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BEPS Action 8 on intangibles

Customs valuation & Action 8

Now we know what it is Action 8 about , we are going to analyze the impact of action 8 on Customs Valuation. First at all the potential impact of the Section A of the Action Plan currently analyzed. Section “A” try to identify what it should be understood as intangible.

The Customs Valuation is based on the price paid or payable for the goods where the value of the intangible is in most of the cases deemed as dutiable assist.

There are value drivers that are typically considered dutiable for Customs Valuation purposes e.g. manufacturing know-how, designs (except preliminary design sketches), models, patents, developments, copyrights or trade marks.

There other value drivers that are not typically dutiable assist as research fees, marketing fees or rights for resell or distribution.

What it is considered intangible and the way in which intangibles are determined can have a direct impact on Customs Valuation. Why? Because the Customs Code Committee refers to the OECD definition of royalties and licenses fees.

However not every royalty fee under transfer pricing perspective is dutiable from a customs valuation point of view. Royalties must fulfill certain requirements from a Customs Valuation perspective in order to become a dutiable assist. This is a vast topic.

It is crucial as well to clearly define in the License Agreements the services that the royalty payment is covering, not only for determining its dutiability from a Customs Valuation point of view but also because happens more than expected that something is named royalty without being a royalty.

The Action 8 clarifies the definition of intangibles . New definitions directly impacts what it should be deemed as intangible from a customs perspective. The Action 8 gives the following definitions regarding intangibles:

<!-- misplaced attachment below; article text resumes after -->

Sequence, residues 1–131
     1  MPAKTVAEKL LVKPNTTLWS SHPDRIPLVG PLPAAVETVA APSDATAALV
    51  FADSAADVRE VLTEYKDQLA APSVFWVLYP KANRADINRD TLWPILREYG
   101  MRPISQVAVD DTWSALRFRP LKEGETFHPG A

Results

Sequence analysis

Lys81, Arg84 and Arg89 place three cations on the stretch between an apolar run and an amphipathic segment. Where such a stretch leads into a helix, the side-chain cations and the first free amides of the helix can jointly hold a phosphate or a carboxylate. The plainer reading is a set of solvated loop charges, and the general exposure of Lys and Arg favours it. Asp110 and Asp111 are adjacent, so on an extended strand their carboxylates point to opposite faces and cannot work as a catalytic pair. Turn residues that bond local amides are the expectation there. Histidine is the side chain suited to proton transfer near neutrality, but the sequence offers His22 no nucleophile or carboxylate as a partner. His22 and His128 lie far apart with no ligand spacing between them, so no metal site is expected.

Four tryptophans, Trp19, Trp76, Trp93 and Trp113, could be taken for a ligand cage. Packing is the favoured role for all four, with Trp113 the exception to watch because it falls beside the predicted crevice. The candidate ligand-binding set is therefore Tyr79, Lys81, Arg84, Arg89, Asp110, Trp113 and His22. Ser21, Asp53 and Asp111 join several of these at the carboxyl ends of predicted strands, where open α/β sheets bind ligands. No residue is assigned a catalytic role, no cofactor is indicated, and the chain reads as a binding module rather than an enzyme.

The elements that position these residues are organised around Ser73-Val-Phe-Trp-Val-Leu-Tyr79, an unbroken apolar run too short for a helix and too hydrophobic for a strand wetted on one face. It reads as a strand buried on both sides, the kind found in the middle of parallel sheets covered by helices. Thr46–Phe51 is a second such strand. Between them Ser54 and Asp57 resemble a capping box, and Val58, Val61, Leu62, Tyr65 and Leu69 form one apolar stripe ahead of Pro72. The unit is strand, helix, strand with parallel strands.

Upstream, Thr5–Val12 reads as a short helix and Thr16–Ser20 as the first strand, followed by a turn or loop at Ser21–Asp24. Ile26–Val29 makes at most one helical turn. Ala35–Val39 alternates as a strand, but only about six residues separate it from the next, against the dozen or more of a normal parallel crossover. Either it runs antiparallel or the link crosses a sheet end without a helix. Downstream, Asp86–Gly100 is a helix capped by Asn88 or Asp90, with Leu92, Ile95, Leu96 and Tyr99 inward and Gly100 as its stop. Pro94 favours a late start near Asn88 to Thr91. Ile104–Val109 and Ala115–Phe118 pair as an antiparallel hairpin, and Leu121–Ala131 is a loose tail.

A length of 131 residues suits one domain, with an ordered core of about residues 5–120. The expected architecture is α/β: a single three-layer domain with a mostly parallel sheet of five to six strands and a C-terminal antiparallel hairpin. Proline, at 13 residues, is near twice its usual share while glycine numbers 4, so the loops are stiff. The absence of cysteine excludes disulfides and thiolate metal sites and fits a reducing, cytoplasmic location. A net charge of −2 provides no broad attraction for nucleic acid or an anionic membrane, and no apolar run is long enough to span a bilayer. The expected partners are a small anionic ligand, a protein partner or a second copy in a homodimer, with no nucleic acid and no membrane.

2.Know-how and trade secrets

3.Trademarks, trade names and brands, including marketing intangible

4.Rights under contracts and government licenses

5. Licenses and similar limited rights in intangibles and 6.Goodwill and ongoing concern value.

The IP allocation, based on the previous definitions should be reviewed taking into account functions and risks undertaken by the different related parties involved:

"(…) the determination of the entity or entities within an MNE group which are ultimately entitled to share in the returns derived by the group from exploiting intangibles is crucial. A related issue is which entity or entities within the group should ultimately bear the costs, investments and other burdens associated with the development, enhancement, maintenance, protection and exploitation of intangibles. (…) Members of the MNE group performing such functions, using such assets, and assuming such risks must be compensated for their contributions under the arm’s length principle".

OECD Guidelines.

Royalties and Licenses fees under the Community Customs Code are deemed in principle as dutiable assists and therefore upward adjustments are required if these fees are not part of the price, provided of course that the fees fulfilled certain requirements. But if the royalty or license fee is part of the price a downward adjustment could be complicated. This is a complex topic I am not going to analyze here.

From a customs perspective in principle the residence of the IP holder or where the IP was developed do not determine in general terms the dutiability of the royalty provided of course that the IP is not allocated to the importer or to a different related party under certain circumstances in a different stage of the supply chain.


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